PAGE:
Editor's Note: This article originally appeared in the Commercial Advertiser, a New York City newspaper, on March 17, 1831 - exactly 190 years ago today! Many thanks to HRMM volunteer researcher George Thompson for finding and transcribing this article. The following is a verbatim transcription (early 19th century spelling and all).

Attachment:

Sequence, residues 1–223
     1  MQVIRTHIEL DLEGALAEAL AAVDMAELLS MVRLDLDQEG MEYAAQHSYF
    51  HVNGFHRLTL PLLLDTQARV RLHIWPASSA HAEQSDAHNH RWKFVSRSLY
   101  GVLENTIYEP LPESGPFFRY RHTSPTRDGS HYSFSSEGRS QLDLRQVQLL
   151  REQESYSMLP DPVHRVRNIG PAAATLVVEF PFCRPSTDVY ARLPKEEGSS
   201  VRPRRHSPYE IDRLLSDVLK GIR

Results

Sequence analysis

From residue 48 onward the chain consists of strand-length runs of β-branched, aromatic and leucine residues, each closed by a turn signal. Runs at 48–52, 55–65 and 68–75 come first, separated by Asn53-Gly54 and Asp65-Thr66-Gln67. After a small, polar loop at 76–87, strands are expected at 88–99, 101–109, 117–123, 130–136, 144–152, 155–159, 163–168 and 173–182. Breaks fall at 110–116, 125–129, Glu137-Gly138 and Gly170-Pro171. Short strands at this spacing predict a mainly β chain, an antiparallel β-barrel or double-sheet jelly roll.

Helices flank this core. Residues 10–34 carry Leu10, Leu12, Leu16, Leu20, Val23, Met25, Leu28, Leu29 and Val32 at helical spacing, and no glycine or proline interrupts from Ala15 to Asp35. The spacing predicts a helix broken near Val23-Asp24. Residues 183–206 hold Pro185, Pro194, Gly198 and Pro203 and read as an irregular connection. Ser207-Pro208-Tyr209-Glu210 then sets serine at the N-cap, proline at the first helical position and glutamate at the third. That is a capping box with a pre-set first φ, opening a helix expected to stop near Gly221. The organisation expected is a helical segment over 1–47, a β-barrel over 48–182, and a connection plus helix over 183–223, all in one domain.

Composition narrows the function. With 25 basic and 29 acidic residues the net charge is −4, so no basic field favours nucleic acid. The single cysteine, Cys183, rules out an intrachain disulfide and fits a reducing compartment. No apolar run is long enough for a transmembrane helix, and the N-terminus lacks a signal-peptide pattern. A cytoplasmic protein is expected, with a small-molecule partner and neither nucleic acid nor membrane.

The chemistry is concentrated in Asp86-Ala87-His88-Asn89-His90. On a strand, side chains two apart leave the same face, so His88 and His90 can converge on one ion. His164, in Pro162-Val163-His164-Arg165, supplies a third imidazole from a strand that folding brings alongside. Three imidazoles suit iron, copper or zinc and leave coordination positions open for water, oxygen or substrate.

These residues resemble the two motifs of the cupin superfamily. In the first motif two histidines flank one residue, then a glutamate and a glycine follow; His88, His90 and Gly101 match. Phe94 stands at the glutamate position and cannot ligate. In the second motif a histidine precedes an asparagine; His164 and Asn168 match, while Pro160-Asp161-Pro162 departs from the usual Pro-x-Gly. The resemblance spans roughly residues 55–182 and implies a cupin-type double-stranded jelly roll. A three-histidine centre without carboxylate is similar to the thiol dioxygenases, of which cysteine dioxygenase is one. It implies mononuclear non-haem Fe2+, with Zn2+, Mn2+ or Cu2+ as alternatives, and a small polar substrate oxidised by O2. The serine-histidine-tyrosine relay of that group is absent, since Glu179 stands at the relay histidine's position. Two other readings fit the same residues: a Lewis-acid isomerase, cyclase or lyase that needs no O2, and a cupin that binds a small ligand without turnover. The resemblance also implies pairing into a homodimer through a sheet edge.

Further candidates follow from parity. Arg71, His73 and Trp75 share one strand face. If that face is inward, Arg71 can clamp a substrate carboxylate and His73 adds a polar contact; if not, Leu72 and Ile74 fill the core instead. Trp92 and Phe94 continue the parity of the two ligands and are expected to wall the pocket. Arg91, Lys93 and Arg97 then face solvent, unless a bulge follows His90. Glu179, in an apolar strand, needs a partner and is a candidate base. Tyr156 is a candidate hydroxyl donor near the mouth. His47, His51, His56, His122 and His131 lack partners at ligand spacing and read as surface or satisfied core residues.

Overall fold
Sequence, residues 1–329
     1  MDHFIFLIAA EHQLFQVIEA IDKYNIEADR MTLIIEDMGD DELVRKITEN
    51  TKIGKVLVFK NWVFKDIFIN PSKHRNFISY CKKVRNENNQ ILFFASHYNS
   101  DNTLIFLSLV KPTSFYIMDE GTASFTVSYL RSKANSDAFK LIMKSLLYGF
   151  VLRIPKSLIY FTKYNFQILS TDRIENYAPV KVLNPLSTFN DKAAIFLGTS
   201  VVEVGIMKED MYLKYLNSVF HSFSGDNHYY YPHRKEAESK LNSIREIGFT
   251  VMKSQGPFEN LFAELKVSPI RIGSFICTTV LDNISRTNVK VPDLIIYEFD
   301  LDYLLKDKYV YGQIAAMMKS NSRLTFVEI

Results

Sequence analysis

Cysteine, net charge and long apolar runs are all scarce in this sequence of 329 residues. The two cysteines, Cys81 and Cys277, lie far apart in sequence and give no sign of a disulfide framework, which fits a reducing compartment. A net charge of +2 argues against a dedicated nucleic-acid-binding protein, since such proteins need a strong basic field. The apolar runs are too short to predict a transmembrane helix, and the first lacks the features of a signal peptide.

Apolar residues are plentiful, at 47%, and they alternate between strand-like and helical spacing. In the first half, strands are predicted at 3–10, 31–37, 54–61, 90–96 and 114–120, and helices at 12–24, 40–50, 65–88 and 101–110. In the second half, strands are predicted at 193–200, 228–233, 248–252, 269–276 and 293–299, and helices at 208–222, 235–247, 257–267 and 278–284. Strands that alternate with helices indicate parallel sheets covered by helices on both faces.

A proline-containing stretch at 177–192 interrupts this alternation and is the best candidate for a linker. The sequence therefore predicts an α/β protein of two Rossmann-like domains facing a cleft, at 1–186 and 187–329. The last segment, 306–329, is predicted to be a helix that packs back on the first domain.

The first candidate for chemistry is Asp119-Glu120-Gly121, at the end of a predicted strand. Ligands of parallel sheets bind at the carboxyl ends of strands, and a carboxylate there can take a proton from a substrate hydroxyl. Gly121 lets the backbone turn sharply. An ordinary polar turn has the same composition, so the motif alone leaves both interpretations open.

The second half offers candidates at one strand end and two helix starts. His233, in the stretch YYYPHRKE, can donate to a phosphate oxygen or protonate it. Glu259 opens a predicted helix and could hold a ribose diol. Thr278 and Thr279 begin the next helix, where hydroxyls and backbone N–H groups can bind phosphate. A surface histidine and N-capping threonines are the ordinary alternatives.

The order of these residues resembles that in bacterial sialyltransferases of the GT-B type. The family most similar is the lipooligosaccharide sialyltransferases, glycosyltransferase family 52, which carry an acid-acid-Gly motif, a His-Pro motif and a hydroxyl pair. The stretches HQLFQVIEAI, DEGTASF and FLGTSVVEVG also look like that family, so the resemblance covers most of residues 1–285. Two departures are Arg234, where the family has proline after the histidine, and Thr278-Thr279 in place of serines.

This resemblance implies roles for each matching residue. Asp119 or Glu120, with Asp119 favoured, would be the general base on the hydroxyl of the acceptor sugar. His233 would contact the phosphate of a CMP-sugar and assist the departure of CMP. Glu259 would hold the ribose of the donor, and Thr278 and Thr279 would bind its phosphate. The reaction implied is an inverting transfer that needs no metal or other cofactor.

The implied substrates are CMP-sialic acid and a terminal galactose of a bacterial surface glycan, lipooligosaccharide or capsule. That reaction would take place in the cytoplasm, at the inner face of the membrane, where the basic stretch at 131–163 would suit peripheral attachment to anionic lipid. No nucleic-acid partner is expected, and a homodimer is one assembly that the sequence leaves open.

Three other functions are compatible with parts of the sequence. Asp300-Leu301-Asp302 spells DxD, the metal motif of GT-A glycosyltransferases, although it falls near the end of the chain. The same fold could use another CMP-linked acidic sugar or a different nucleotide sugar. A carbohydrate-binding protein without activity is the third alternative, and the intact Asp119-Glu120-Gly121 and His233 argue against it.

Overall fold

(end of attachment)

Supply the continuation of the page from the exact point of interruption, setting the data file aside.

The first passage of the season to Albany. — A gentleman who left this city on Monday evening, in the steam boat Constitution, writes from Albany on yesterday morning, as follows: — We arrived here at half-past 7 o'clock, last evening, in the steamboat Commerce, Captain Murray. The Constitution began to encounter floating ice immediately above the Highlands, and pretty large fields of it were met before reaching Poughkeepsie — at which place we came to, until morning. In the course of the night, the Commerce come up, and likewise anchored at our stern. On leaving our berths yesterday morning, the ice appeared completely to block up the river two miles above. Capt. Hoyt thereupon determined to proceed no further with the Constitution; the mails were sent ashore, and despatched by land; and the passengers went ashore likewise. It was soon ascertained that Capt. Murray of the Commerce, was determined to push on, and plough his way through the ice as far as possible. — We accordingly took that boat, and started at half-past seven o'clock — encountering fields of drift ice, frequently stretching across the whole river, and covering its surface as far as the eye could reach; but the boat dashed on impetuously, without being absolutely stopped, until we passed Hudson. Here, the ice having lodged upon the flats, the whole river was blocked completely across. The Swiftsure having penetrated to Coxsackie, during the night, was no perceived above, on her return, attempting to beat her way down — this immense floe of ice having been brought into this cross-position by the tide, after the Swiftsure went up. Both boats were now set to work, like two large battering rams, and in about two hours, succeeded in beating through. At Coxsackie, we found that the ice for the whole distance above, reposed unmoved, as it had been left by the late vigorous winter. Nothing doubting, however, the captain of the Commerce dashed on, and, strange to tell, the power of her engine, and the strength of the timbers of this powerful boat, enabled her to knock her way through a field of unbroken ice, varying in thickness from four to fourteen inches, for a distance of sixteen miles, i. e. to Castletown! From this place to Albany, the ice was broken, and our speed was of course much accelerated. It must have been a novel sight to the villagers along the shore, to find this vessel thus cutting her way through such a continuous field of ice, as yet unbroken, though in may places it had become very porous; and their pleasure was often announced by cheers and the firing of the "big guns." Not the slightest accident occurred during the whole passage. The arrival of a boat at Albany, was as yet altogether unexpected.
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